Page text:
Bill to create a new office to manage California’s largest lake placed on hold until 2020.
SACRAMENTO—A proposal to create the Office of the Salton Sea within the California Natural Resources Agency was put on hold until 2020, it was confirmed on July 18. The legislation – Assembly Bill 1657, or AB 1657 – had made it out of the Assembly and onto the State Senate floor before being held back by its author, Assembly member Eduardo Garcia.
AB 1657, if passed and signed into law, would have created the Office of the Salton Sea to “include … persons with expertise in project management, engineering, scientific and legal issues and community engagement.”
Garcia’s proposal also seeks to create a Salton Sea Oversight Committee.
“AB 1657 will be on hold until next year. Assembly member Garcia has made it a two-year bill to allow for local stakeholder discussions to take place with the [governor’s] administration, Aurora Saldivar, a spokesperson for Garcia, told The Log in an email.
The bill made it out of the Assembly on May 30, earning a 76-0 vote; AB 1657 then headed to committee in the State Senate before being held back by Garcia on July 1.
Garcia proposed the Office of the Salton Sea to help with its restoration.
“The amount of water flowing into the sea has been reduced [since 2003], which is further increasing salinity and causing the sea’s shoreline to recede. As the sea shrinks, an increasing amount of dry, dusty lakebed is exposed. Since 2003, the area of the Salton Sea has been reduced by 24,200 acres, with 2,260 acres of lakebed newly exposed in 2018,” a legislative analysis of AB 1657 stated.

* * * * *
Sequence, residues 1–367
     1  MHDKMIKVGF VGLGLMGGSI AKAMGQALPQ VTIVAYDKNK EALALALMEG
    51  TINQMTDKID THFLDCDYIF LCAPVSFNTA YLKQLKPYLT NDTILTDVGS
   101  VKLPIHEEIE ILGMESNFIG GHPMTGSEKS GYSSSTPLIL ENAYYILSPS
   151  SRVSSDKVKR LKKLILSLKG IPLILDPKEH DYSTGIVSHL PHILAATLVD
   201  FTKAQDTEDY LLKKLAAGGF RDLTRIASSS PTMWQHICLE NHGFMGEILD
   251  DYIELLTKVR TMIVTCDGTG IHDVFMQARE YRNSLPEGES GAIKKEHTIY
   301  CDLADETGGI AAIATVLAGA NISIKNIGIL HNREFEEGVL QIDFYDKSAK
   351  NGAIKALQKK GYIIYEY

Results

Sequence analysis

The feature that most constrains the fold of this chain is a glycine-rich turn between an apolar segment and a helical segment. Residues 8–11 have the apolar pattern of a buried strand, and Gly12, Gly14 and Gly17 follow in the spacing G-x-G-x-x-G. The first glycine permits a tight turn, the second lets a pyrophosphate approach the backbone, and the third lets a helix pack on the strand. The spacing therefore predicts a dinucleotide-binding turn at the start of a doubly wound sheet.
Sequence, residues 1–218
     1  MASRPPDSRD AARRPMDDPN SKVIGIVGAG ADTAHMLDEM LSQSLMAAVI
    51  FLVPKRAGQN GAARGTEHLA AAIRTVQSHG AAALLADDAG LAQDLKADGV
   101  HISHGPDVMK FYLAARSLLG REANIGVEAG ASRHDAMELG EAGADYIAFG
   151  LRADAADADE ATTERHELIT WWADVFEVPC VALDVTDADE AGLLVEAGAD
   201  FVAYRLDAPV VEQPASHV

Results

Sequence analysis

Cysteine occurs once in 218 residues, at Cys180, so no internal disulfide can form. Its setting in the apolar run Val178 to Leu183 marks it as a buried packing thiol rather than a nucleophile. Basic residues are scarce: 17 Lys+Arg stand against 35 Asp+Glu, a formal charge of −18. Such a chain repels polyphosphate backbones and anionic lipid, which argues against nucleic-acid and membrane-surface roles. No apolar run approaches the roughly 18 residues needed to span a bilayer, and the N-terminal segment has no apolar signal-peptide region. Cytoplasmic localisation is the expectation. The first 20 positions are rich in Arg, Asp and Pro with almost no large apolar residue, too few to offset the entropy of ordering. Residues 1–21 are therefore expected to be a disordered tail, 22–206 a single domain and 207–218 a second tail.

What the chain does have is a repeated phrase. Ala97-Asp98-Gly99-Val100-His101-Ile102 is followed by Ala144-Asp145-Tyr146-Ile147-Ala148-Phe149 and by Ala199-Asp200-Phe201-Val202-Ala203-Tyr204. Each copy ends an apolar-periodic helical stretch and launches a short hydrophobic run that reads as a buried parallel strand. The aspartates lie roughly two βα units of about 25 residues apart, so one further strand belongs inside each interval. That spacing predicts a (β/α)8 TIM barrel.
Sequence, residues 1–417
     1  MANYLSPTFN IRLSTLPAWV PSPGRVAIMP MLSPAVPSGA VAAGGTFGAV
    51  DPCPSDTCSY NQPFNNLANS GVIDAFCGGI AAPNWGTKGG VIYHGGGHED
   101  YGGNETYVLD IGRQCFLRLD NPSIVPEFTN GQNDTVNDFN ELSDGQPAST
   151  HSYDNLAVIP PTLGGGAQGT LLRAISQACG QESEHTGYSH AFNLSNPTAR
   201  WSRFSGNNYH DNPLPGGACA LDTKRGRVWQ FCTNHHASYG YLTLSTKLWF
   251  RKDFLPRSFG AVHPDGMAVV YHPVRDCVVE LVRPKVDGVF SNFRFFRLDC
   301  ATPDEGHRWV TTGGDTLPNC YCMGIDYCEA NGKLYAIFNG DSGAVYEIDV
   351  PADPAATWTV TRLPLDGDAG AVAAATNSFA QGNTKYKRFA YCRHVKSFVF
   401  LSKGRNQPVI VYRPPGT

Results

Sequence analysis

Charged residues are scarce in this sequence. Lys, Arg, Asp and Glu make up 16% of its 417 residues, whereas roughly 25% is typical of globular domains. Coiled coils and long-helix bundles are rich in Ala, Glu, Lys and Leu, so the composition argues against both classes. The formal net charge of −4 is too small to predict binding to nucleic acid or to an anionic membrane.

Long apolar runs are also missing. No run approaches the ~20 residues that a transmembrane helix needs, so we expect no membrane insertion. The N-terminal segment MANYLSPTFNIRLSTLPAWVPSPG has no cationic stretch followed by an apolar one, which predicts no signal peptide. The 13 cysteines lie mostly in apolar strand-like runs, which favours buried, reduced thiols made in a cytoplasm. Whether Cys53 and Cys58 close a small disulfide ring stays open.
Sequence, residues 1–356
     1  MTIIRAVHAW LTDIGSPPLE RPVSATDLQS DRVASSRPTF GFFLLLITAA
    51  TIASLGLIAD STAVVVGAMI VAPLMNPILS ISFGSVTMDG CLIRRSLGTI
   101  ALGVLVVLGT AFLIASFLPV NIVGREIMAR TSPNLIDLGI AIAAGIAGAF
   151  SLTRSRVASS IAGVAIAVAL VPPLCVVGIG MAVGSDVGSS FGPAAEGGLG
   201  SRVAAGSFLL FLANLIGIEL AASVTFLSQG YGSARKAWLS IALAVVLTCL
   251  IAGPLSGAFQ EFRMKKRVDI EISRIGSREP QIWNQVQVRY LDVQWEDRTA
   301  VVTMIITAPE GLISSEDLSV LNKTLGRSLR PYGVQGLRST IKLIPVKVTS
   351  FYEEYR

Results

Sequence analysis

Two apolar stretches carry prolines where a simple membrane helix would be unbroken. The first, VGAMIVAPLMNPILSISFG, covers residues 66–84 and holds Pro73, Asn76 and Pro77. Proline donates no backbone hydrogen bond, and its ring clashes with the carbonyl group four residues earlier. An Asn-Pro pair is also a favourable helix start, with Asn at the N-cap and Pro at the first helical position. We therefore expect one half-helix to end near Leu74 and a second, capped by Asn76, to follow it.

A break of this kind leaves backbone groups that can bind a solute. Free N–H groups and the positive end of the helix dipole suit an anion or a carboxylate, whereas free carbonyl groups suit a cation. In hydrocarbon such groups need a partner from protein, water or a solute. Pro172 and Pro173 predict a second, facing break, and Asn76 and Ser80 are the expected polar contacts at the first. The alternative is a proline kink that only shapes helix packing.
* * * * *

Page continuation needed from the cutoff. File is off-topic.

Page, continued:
“The shrinking sea is impairing wildlife habitats,” the legislative analysis continued. “Hundreds of thousands of birds along the Pacific Flyway have come to rely on the sea for food, rest, and nesting. Protecting against extreme salinity in the sea is important for the survival of the fish that provide food for these birds. The lake and its surroundings also provide habitat for some fish and bird species.”
California agreed to assume a majority of the financial responsibility for restoring the Salton Sea and mitigating its environmental effects.
Establishing an Office of the Salton Sea, according to Garcia, would be consistent with California’s plan to restore the lake by 2027. California state officials established a 10-year, $420 million plan to direct public funds to the Salton Sea “and address the negative public health and environmental impacts.”
“The issue is that inadequate staffing levels have resulted in a small number of state staff handling all aspects of Salton Sea projects,” the legislative analysis of AB 1657 stated. “The implementation of the ten-year plan is already running behind, with the state anticipating missing its 2019 targets. AB 1657 will ensure there is dedicated staffing and essential oversight for planned and future projects at the Salton Sea.”
Holding AB 1657 back until 2020, of course, means the 10-year plan will still be running behind.
Creation of the Office of the Salton Sea could $750,000 to $1 million, or more, annually, according to the legislative analysis of AB 1657.